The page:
Manic depressive illness is a biological brain disorder that produces significant alterations of mood and psychosis. Mania in the elderly occurs in three forms: (1) Bipolar patients who get older (2) elderly patients with pre-existing depression who develop manic symptoms and (3) elderly patients who first present with mania. Late life onset mania is relatively uncommon and may signal underlying neurological diseases, e.g., stroke, brain tumor etc. Approximately 5% of elderly psychiatry units are manic. Among elderly patients with mania (table 1), 26% have no past history of mood disorder, 30% have pre-existing depression, 13% have past mania and 24% have organic brain disease. Although the life expectancy of bipolar affective disorders is probably shorter than that of the general population due to suicide and alcoholism, many bipolar patients do survive into the seventh or eighth decade. The natural history of bipolar affective disorder in the elderly is unclear although longitudinal studies demonstrate that some bipolar patients have shortening of cycles and increased severity of disease.
What Causes Mood Instablity in Older Bipolar Patients?
Well-controlled bipolar patients become unstable for many reasons. Patients have worsening of symptoms as a result of:
- medication non-compliance
- medical problem
- natural history, i.e., changes in the symptoms over time
- caregiver death
- substance abuse
- inter-current dementia
Elderly bipolar patients who have acute worsening of symptoms need a careful evaluation to exclude delirium. Elderly psychiatric patients exhibit high rates of alcohol abuse and prescription sedative overuse that produce delirium. Agitated, delirious patients can appear manic. Psychoses, agitation, paranoia, sleep disturbance and hostility are symptoms common to both diseases. Delirious bipolar patients will often have a significant drop in the Mini-Mental Examination score from baseline while cooperative mania patients should have steady scores.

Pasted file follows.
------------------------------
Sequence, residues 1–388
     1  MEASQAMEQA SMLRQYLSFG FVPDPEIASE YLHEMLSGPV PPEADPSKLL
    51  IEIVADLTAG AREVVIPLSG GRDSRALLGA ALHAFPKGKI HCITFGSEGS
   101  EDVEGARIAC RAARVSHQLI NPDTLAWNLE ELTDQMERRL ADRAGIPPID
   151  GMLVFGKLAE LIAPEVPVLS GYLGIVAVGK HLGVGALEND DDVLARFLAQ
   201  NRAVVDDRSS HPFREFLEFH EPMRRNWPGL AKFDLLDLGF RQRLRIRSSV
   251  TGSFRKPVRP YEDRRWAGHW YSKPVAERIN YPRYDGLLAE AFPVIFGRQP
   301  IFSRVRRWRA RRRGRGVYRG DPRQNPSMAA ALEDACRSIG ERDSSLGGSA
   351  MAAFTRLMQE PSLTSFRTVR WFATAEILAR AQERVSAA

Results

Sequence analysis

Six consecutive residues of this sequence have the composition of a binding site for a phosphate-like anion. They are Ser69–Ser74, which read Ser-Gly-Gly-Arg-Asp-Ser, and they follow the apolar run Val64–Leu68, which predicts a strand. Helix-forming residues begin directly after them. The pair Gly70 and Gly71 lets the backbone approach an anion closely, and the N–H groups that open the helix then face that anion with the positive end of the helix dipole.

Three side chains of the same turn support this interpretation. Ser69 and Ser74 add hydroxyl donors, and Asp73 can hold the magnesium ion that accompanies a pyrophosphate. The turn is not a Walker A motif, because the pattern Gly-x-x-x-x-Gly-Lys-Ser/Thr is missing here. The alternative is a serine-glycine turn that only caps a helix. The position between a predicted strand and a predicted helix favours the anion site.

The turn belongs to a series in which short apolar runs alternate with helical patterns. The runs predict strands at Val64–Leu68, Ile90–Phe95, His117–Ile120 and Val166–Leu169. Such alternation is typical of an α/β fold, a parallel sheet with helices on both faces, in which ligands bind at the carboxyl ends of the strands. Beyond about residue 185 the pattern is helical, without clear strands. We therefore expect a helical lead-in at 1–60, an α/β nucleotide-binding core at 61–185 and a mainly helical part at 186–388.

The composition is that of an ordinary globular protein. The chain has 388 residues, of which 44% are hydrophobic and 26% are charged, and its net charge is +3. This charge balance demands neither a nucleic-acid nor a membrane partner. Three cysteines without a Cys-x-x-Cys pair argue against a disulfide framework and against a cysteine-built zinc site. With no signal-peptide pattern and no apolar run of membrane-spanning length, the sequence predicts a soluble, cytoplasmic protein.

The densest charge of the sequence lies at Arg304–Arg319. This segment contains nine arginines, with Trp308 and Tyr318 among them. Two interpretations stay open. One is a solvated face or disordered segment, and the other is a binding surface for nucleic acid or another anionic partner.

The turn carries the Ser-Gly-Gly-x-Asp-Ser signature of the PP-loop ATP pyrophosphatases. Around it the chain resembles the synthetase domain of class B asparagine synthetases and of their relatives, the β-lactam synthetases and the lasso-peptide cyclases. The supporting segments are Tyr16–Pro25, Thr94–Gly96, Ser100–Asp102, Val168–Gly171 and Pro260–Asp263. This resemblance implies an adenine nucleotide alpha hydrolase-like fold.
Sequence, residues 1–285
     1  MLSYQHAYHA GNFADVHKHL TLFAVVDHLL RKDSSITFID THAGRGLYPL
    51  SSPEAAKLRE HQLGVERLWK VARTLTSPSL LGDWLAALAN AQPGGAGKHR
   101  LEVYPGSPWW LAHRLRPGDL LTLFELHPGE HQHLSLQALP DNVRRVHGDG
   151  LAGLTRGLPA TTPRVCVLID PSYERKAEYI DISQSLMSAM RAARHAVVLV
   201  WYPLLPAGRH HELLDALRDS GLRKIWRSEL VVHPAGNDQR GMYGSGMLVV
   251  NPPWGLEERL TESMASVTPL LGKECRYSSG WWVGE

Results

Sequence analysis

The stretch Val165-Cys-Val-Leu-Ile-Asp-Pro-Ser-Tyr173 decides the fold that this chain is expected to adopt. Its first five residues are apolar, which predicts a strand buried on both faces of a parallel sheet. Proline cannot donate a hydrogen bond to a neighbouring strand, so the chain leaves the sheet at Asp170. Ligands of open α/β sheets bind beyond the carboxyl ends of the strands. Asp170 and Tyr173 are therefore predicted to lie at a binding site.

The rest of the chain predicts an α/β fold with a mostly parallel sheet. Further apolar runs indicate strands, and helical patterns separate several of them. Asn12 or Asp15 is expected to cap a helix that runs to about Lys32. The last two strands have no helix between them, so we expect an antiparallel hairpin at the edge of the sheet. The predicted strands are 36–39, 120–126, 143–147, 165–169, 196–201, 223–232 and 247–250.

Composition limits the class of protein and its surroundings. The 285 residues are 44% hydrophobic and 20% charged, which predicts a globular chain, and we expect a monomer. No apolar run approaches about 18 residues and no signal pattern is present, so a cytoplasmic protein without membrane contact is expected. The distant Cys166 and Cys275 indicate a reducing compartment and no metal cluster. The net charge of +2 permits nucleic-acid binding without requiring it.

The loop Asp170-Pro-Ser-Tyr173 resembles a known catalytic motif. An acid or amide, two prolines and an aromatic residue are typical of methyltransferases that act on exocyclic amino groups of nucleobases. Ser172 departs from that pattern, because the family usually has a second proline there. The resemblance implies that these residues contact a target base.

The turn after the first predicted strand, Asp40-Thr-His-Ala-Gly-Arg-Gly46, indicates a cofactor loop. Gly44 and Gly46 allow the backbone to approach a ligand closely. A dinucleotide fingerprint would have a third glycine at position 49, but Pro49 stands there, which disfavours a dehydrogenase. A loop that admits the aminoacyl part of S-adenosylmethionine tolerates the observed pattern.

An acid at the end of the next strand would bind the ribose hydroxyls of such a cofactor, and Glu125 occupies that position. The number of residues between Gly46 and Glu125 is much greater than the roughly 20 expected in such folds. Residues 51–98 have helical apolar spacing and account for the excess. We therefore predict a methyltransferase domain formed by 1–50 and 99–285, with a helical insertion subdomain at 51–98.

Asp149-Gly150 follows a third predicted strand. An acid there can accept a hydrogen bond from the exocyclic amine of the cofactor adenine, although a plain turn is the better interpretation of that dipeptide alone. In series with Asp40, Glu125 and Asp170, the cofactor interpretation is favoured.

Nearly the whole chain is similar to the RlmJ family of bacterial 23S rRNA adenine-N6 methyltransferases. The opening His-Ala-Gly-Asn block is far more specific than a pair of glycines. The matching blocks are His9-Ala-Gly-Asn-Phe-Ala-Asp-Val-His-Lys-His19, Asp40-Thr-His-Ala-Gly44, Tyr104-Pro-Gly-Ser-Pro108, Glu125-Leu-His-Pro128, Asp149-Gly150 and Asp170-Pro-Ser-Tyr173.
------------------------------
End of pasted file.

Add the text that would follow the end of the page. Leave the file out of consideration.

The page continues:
Discontinuation of mood-stabilizing medication is a common problem in elderly bipolar patients. Patients discontinue medicine for multiple reasons:
- new medical problem
- death of caregiver and loss of support
- physician discontinuation due to perceived complications from medications.
Blood levels should be regularly monitored on all bipolar patients. Antimanic agents may be discontinued during a serious medical illness during which the patient can no longer take oral medication and these agents should be restarted as soon as possible. Medical physicians should not discontinue antimanic agents for more than two or three days without seeking a psychiatric consultation. Bipolar patients will sometimes discontinue medication when the spouse or caregiver dies and the patient lose psychosocial support mechanisms. Primary care physicians will sometimes discontinue lithium or tegretol because of perceived side effects. Lithium and Tegretol are essential to maintain mood stability for many bipolar patients. Elevated BUN or creatine is not an automatic indication for lithium discontinuation. Patients should have a 24-hour urine collection and patients with creatinine clearances below 50ml per minute, should be referred to a nephrologist for consultation. Many elderly bipolar patients with elevated BUN and creatinine who receive lithium do NOT have lithium-induced nephrotoxicity. Elevated kidney function studies are common in the elderly. Lithium, Tegretol or valproic acid should NOT be discontinued due to medical problems unless an internist or sub-specialist is consulted or an emergency exists.
Consultants should be informed that discontinuation of antimanic agents will probably precipitate a relapse. Acute mania will often destabilize medical problems of elderly bipolar patients. Manic elderly patients who are stressed by psychotic agitation may stop all medications including cardiac medicines, antihypertensives, etc. The clinicians must carefully weigh the medical risk of sustained anti-manic therapy verses the medical risk of acute psychosis. This decision requires clear communication among medical specialists, psychiatrist, patient, and family.
- Created: 03 January 2009
- Last Updated: 16 May 2013